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A day in the life of... kindergarten teachers

September 22, 2012
By Stacey Kukkonen (skukkonen@mininggazette.com) , The Daily Mining Gazette

Editor's note: This is the second in a series of articles looking at the day-to-day lives of local people in various professions.

SOUTH RANGE - It's 8 a.m. and the sweet smell of maple syrup filters through the hallways at South Range Elementary School.

Waist-high students with colorful backpacks dart in and out of the lunchroom while around the corner, teachers convene in the teachers' lounge. The room is small and cozy, and a half-dozen teachers catch up over cups of coffee. Against the wall, kindergarten teacher Nikki Lishinski talks with her co-workers about class hijinks. Just a few minutes later, she stands next to her door with the rest of the teachers, greeting groggy students as they settled into class.

Article Photos

Daily Mining Gazette/Stacey Kukkonen
Kindergarten teacher Nikki Lishinski instructs her class Thursday at South Range Elementary School.

"Good morning," she said, greeting them as they pass by. "I like your hair today."

Half of the students take their own attendance by placing paper cards with their names on them in a pouch.

"I used to teach second grade," Mrs. Lishinski said closing the door behind the last student. "Kindergarten is an entirely different experience."

Her day starts by reminding the students, who are already busy coloring in a cactus, to move the attendance cards if they are present. She gives the more than 20 students their lunch options, which for Thursday was between a ham sandwich or chef salad. After explaining both, she calls out their names, and each student responsibly orders their lunch.

After the first few students, the chatter in the room increases. One student calls out "tuna!" when asked what she wants for lunch, to which Mrs. Lishinski gently reminds her tuna is not an option.

Mrs. Lishinski doesn't skip a beat with the students - deflecting the typical kindergarten student comments about passing gas and using the bathroom - never losing her composure and sense of professionalism. Rather, she falls into daily ritual, turning on "I Like to Move It" by Reel 2 Real which brings all of the students to their feet to push in their chairs, pack away their coloring supplies and find a seat on the carpet.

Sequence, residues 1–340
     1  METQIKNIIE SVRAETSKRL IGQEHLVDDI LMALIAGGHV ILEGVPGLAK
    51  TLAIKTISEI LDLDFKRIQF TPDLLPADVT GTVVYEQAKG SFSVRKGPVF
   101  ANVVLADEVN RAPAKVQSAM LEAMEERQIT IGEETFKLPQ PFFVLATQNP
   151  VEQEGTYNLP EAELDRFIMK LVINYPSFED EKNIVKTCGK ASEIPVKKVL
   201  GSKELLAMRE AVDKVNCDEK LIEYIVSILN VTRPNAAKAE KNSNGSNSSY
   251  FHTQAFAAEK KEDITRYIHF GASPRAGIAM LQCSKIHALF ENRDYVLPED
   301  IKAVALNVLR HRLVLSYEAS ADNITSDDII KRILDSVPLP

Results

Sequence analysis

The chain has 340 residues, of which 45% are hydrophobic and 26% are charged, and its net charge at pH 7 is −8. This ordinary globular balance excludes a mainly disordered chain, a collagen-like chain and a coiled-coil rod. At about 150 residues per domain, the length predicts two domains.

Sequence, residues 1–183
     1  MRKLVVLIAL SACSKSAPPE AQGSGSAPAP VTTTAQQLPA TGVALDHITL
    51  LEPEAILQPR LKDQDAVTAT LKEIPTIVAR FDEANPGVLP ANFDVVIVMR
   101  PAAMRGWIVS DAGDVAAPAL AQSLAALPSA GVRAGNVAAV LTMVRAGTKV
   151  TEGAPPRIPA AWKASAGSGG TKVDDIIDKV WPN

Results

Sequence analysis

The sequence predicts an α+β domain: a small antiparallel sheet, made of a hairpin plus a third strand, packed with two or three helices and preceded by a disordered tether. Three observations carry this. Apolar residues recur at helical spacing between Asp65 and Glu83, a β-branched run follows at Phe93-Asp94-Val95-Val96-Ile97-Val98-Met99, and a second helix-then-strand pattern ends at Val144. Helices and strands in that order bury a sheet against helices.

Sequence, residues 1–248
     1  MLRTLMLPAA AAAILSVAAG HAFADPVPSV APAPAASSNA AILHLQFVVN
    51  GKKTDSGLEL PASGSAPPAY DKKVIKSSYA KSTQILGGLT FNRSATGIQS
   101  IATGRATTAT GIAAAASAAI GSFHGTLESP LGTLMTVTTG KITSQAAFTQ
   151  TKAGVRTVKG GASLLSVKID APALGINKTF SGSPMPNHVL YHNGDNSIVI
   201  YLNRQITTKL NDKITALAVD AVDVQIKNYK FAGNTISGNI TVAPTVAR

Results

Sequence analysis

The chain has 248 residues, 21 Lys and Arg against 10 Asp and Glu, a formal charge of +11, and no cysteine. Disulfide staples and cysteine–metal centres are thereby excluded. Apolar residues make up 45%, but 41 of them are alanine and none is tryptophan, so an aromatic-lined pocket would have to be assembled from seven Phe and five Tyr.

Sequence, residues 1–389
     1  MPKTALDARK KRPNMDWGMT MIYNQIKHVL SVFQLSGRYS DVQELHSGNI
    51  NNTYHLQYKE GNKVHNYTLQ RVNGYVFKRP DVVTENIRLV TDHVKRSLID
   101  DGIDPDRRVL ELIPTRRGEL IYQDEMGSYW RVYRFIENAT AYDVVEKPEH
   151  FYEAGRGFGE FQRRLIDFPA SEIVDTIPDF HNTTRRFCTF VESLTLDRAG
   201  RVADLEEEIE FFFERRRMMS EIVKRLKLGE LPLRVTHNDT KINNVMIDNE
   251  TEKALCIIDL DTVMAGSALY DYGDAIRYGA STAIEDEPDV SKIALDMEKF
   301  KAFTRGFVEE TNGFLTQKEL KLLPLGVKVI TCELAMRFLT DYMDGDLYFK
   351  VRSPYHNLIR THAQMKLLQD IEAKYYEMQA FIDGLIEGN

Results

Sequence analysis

Following a bell alarm, Principal Kim Harris' voice streams though the classroom while the students intently listen.

"Each of you has something special inside of you," Harris said. "Each of you has something special to give."

After the Pledge of Allegiance, it's time to call another student online who is homeschooled but spends part of the day interacting with the students through the laptop. The students excitedly greet their friend and jump into "News From Home," where they share stories of the goings on at home.

Although it seems the morning has gone off without a hitch, chaos soon ensues, and the students try to out-shout each other while counting from one to 20. But patience is a virtue for Mrs. Lishinski, who has been teaching for seven years now. For an hour, she uses gentle speech and enunciated words to quiet the students back down. As a class, they discuss the weather, count bundles of straws and sing the days of the week together.

"Please don't forget Wednesday," Mrs. Lishinski said with a smile. "We've been forgetting Wednesday in this song."

A few minutes later, it's off to music where the students are greeted by music teacher Emily Raffaeli and dance around the music room in a circle. Music time is a favorite among the students - and Mrs. Lishinski, who heads back to her classroom for one half-hour of preparation time.

"I get two of these a week," she said, settling into her desk, where she begins answering parents' emails and preps the day's lesson plans.

The rest of her day is spent keeping the kids constantly stimulated. She transitions through the day with ease, working with letter recognition and math activities. Occasionally, she helps tie shoes or quickly recovers spare undergarments that fall out of students' backpacks. Besides a few hours of help from Americorps worker Kelsey Makela in the morning, Mrs. Lishinski minds the troop herself.

"They are moving all the time," she said.

For another person, spending the day with two dozen kindergarten students may seem overwhelming, but for Mrs. Lishinski, it's just another day at the office, where she never knows who is going to say what next or what kind of hijinks will ensue.

 
 

 

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